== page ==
Undersea vents are providing researchers with a possible view of the future as seawater becomes more acidic due to carbon dioxide emissions.

Researchers at the Hopkins Marine Station at Stanford University looked at near-shore volcanic vents on the seafloor off the coast of Italy as a microcosm of how oceans may react to carbon dioxide, investigating how life changed in these localized environments.

"The most important outcome from this research is documenting how whole communities will respond to ocean acidification," said Fiorenza Micheli, one of the researchers on this project and a professor at the Hopkins Marine Station. Though marine organisms respond differently to acidification, the team found that on the whole, ecosystems lose biodiversity in highly acidified environments.

The ocean vents in this study release large quantities of carbon dioxide, which changes the water's chemistry in the nearby environment through a process called ocean acidification. These underwater soda fountains are particularly unusual because they mostly emit carbon dioxide without the sulfur compounds found commonly in other volcanic vents.

When carbon dioxide is absorbed in the water, whether from the air or from vents on the ocean floor, it forms compounds that cause the water's pH to lower, making the ocean more acidic. Carbon dioxide can also alter the water's calcium ion concentration. Many marine organisms depend on calcium compounds to build their shells.

Recent studies have shown how ocean acidification can affect shellfish, like clams and oysters (ClimateWire, Aug. 4). However, in looking at a whole ecosystem instead of just studying individual organisms, the Stanford researchers found that ocean acidification is not an equal-opportunity phenomenon.

Lower pH makes more losers than winners
"There are winners and losers," said Micheli. She observed that some organisms, like isopods and polychaetes, can thrive at a lower pH, but these organisms tend to be smaller and play different ecological roles, making these underwater habitats less resilient to other environmental problems, like pollution.

"Overall, the diversity and function of communities will be impaired," said Micheli. "Even at an ecosystem level, ocean acidification is a significant factor."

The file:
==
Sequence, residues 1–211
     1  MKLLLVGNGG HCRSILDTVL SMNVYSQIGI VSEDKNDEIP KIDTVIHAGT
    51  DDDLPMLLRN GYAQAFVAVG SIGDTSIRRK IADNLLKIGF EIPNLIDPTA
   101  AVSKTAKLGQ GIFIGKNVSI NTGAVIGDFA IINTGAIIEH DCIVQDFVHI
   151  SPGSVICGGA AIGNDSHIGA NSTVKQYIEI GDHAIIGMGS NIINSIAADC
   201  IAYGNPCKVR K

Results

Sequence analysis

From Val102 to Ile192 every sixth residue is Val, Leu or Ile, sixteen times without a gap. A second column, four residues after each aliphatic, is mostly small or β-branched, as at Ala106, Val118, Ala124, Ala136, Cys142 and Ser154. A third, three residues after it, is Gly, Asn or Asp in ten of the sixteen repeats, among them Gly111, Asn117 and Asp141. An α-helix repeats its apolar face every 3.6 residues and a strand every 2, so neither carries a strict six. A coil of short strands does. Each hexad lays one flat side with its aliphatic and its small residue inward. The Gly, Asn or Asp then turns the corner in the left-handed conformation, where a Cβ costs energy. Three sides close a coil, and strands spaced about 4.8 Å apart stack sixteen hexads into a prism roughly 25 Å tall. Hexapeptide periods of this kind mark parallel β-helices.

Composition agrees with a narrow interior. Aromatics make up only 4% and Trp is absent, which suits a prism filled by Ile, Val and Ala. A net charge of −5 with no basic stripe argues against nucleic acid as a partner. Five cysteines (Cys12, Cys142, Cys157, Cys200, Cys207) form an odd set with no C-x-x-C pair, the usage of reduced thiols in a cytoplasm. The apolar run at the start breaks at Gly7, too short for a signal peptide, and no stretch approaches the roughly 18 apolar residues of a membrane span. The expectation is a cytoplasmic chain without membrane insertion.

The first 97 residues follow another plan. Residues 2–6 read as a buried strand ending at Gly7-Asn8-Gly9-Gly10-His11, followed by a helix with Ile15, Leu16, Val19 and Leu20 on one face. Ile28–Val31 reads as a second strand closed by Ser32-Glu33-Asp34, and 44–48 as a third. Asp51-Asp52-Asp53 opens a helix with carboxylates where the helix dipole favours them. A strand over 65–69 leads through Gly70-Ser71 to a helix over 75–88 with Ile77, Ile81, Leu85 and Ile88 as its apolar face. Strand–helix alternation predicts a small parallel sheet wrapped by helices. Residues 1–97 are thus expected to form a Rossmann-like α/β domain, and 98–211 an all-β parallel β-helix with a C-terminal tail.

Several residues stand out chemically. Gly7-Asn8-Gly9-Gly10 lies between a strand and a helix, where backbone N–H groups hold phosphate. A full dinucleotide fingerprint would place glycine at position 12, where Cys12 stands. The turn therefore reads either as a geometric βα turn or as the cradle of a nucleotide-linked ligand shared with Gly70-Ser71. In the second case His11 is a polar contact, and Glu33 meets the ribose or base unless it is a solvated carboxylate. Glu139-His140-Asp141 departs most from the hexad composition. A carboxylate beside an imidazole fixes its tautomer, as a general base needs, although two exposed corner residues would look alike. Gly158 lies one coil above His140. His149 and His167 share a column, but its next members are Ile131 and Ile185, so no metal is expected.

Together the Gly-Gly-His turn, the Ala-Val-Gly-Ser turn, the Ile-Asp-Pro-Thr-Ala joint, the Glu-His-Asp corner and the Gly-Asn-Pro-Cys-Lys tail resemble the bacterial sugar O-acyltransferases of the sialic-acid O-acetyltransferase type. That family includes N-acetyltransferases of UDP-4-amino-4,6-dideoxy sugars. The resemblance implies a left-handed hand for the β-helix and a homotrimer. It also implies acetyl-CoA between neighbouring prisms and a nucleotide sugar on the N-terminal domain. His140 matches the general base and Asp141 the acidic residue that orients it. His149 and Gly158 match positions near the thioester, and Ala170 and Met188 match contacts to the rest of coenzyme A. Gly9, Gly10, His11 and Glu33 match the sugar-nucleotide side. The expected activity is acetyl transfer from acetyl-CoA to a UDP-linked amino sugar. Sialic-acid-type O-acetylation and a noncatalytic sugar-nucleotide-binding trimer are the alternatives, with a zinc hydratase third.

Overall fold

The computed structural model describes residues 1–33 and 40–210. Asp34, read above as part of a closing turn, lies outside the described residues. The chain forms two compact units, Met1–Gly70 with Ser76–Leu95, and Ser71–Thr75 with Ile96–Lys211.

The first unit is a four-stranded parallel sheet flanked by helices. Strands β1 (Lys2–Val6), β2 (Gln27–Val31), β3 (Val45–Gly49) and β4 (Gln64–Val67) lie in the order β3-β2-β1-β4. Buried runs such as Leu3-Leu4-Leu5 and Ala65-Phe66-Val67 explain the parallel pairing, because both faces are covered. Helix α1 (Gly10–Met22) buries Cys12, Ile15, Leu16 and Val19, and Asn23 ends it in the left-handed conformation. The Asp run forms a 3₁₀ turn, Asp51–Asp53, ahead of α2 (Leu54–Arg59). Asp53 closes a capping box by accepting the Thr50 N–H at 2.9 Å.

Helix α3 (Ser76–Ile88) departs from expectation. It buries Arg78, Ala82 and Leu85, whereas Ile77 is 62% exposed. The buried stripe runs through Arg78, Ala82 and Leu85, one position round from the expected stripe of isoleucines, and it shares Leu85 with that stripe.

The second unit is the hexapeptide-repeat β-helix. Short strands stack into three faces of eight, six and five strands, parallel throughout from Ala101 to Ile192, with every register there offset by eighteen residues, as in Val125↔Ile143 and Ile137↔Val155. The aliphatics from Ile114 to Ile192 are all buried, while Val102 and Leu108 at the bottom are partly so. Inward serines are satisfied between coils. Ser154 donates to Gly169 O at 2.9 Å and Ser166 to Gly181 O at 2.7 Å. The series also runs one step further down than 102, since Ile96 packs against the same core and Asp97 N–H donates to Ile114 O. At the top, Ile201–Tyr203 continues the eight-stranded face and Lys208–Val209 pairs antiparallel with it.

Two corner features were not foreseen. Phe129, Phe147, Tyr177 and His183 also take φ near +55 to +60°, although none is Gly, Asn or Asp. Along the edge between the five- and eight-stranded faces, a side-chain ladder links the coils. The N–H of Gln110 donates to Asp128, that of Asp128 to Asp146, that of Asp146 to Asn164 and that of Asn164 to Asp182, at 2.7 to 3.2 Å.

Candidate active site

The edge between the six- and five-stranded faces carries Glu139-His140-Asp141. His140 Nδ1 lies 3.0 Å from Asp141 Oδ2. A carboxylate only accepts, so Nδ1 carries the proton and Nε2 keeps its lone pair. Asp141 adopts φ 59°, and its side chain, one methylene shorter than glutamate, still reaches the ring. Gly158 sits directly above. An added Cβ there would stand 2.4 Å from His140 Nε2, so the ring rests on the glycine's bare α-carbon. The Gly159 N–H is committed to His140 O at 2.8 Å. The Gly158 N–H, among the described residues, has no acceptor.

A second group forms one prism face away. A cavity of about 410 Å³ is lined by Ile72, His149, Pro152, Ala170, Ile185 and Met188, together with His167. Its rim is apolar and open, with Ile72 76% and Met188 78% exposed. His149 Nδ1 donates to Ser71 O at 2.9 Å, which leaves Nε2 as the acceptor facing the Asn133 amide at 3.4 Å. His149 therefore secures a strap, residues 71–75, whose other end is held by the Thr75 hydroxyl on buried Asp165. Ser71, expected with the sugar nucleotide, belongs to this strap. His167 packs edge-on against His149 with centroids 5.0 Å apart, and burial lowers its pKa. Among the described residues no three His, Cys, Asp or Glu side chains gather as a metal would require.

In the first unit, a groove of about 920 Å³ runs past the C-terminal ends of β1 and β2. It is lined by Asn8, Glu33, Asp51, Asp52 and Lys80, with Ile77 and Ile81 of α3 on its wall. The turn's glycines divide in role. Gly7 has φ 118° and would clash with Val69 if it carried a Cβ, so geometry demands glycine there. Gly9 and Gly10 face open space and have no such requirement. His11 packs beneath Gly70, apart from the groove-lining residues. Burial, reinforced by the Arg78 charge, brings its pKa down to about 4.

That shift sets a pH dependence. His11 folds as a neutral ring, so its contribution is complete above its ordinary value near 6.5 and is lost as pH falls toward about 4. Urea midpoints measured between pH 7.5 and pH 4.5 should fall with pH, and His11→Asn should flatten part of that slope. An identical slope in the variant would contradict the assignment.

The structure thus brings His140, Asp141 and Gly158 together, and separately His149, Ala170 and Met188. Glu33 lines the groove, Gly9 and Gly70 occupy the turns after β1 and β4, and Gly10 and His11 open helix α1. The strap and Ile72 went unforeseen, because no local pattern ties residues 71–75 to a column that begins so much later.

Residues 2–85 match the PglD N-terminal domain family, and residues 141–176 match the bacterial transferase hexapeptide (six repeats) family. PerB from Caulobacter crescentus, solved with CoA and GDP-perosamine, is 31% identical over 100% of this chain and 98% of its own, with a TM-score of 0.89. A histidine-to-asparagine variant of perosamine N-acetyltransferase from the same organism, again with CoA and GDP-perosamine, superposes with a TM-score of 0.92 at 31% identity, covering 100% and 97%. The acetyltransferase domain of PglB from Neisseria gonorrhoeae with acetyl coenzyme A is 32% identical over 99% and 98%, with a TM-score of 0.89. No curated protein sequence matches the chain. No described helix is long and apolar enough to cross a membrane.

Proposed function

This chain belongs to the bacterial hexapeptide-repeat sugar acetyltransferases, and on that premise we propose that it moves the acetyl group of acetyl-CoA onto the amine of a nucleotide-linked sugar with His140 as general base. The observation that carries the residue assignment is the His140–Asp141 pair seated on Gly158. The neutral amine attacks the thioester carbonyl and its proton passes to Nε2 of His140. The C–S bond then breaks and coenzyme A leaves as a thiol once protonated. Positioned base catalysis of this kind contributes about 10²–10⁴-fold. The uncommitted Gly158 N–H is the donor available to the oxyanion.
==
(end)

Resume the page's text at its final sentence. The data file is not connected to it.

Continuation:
Micheli and her student Kristy Kroeker, a doctoral candidate in biological sciences at Stanford, recently published their findings in the Proceedings of the National Academy of Sciences. "Unlike climate change or global warming, there is a lot less uncertainty around acidification," said Kroeker. "We can predict how much the ocean is going to acidify by looking at the carbon dioxide in the atmosphere."

Acidification can have impacts for those on land, as well. "People are closely linked to near-shore ecosystems," said Micheli, who noted that these regions become less productive in acidic conditions, reducing the amount of food people can harvest. This, in turn, can have strong economic consequences for communities that are dependent on fisheries.

Even ocean aesthetics are affected by acidification: "We'll see less beautiful [marine] ecosystems in the future," said Micheli.

Both Micheli and Kroeker agreed that halting or reversing acidification will be challenging. "To a certain extent, we're committed to some acidification," said Kroeker. Though reducing carbon dioxide emissions will slow the shift, "there are not any quick fixes that we know of," she said.

"Acidification, because of its global nature, needs to be addressed at global and regional scales," said Micheli. "At local scales, ameliorating local impacts will help mitigate impacts of ocean acidification over time." Local environmental impacts from issues like chemical runoff, ocean development and overfishing can be controlled more readily, decreasing the cumulative stress on ecosystems.